Joey is a huge music fan and he thinks that Apple's new lossless high res audio is awesome. Leo says that 99% of the audience won't really be able to tell the difference, frankly. But those who can are enjoying it. Spatial Audio is Apple's version of surround sound, and it's been around for decades, steadily getting better and better. But it's never really taken off. The spatial component, however, really opens up the sound quality, to be sure, but users need to have an Apple device that supports it, though Apple claims it'll work with any headphones.
Dolby Atmos at home
Scott is back to talk about a listener question that could affect all of us. He's been looking at the Denon AVRX4700, and it's supposed to have Dolby 5.1.4 or 7.1.2. What's the third digit for? Scott says that the third digit tells you how many speakers you can use overhead. It's a Dolby Atmos at Home Specs.The first mask is the number of surround speakers you can have, the middle number is the subwoofer. But if you want an Atmos system, the third number is the one you want to pay attention to.
Rick wants to get a 77" LG OLED TV for his home theatre. His problem is that he needs a soundbar system that supports Dolby Atmos at home, and must have wireless speakers. Scott says there are a variety of soundbars that will do what Rick needs, including one he's reviewing right now from LG (the SL8YG). You can also buy a separate surround speaker package. But it's not cheap. Cost is $850 plus $200 for the wireless surround package. Vizio also makes a wireless soundbar system with up-firing Atmos speakers: Model SB46514.
Doug just bought a new, two story house and he needs a mesh router. What's the best? Leo says that mesh routers have taken over because Wi-Fi congestion causes devices to drop off. It's not uncommon to have over 50 devices connected to Wi-Fi! And that doesn't include neighbors. So Doug will need a better router to handle that traffic. Leo says the three best mesh routers for his money are the Netgear Obi, the Plume, and the Eero.
This week, the topic is the Amazon Fire TV Cube. Scott hasn't tried the Fire TV ecosystem yet, but the Cube looks pretty interesting. Scott also says he's hesitant because it listens to your every word. It uses Alexa to operate, and it supports 4K, HDR10, and Dolby Atmos at home. Scott says that HLG, or Hybrid Log Gamma, is the latest HDR codec. Leo says that the Cube is cool because it will work off your voice. So you tell it to watch a title, and it will search to find it.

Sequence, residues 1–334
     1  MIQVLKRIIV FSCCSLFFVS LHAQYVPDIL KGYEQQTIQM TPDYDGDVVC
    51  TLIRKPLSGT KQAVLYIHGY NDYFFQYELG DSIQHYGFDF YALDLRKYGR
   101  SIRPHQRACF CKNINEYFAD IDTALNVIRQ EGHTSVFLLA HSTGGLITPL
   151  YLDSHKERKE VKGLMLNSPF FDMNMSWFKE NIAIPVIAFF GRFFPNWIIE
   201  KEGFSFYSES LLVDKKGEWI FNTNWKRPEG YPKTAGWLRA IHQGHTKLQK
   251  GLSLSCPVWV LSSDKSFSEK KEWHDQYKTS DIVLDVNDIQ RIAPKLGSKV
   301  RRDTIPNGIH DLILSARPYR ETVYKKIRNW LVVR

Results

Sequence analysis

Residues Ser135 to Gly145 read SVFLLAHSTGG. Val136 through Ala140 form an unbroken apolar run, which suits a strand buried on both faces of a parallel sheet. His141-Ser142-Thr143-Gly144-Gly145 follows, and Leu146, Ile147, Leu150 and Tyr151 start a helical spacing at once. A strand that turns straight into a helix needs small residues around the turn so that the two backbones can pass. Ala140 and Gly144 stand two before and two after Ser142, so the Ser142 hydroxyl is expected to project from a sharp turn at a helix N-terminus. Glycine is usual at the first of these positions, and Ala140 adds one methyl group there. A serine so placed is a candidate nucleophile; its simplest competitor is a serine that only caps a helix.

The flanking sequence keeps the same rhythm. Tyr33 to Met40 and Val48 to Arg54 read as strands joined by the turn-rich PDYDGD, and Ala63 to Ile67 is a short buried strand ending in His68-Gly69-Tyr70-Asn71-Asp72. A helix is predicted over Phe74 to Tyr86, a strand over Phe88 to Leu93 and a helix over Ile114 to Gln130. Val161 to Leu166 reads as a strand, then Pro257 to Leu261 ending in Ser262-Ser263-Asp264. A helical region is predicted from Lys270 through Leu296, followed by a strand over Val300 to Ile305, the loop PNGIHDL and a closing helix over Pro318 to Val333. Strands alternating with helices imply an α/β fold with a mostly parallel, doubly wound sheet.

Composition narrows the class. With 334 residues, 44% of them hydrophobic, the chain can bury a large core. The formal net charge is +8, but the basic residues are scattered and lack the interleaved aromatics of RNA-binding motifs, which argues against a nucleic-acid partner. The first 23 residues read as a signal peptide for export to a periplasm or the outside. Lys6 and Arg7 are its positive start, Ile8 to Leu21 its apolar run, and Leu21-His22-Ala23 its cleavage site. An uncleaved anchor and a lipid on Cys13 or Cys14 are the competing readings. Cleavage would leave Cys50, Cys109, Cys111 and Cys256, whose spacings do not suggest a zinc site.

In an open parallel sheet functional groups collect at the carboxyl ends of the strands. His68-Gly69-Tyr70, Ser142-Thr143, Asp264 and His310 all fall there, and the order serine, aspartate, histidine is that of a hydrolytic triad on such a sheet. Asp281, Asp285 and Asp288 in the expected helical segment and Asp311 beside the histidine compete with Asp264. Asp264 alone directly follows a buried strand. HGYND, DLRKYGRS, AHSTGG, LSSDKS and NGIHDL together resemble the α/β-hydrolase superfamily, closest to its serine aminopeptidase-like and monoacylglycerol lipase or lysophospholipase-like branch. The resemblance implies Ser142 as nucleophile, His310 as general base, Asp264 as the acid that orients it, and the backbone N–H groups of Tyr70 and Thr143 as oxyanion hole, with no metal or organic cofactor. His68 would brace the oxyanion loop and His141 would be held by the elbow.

Should he use LastPass on his phone? Does he need the app? Leo says that the app is just a convenience, but it's not really necessary. Android will autofill apps with LastPass, iOS not so much.
Manny also wants to know if Sonos will adopt Dolby Atmos at Home as a standard. Leo says they haven't. Atmos has that upward firing speaker design for the home, but so far, Sonos hasn't adopted it.
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David has a home theater system and the speakers are already built into the house, but he needs surround speakers. Leo says he can do that and then just wire them into his home theater system. It'll be the rear surround in a 7.1 Dolby system. Or, if he doesn't want to do that, he should just go with Dolby 5.1. He'll be just fine with that. He'll need to re calibrate, too. Of course, he could go all in and do Dolby Atmos at home, too.
Scott was in a big box store with a listening room and listened to a Dolby Atmos at Home demo and he was blown away. But is it worth thousands to outfit his home theater with it? Leo says no. Many modern AV Receivers now support Atmos. It's a standard like Dolby 5.1 was. The main difference is that Atmos at Home bounces sound off the ceiling for a more immersive audio experience. Leo says he can use dual HDMI outputs that would give him the ability to create a similar experience.
Scott went to a recent LG TV event and he saw some really great TVs that LG calls darn near perfect. And they're super thin too, with Wallpaper TV is 4mm from the bezel to the wall. So it's almost like a painting. So thin, that it requires a separate box for all the electronics, and the W7 model incorporates a sound bar into that electronics box package. Leo says he'd rather have a monitor that he can bring his own party to. Scott does says to be fair the Soundbar does sound pretty good though.
Diego is going to transform one of his bedrooms into a home theater. He's budgeting about $30,000 to $40,000. Leo says his first decision is between direct view or projection. Projection can go bigger by just moving it back. If he can darken the room, it's the ideal option. He will want a projector that can handle the distance (called 'throw') to get it as large as he wants. Then he'll want to get a screen. One option is to paint his wall with special paint that reflects.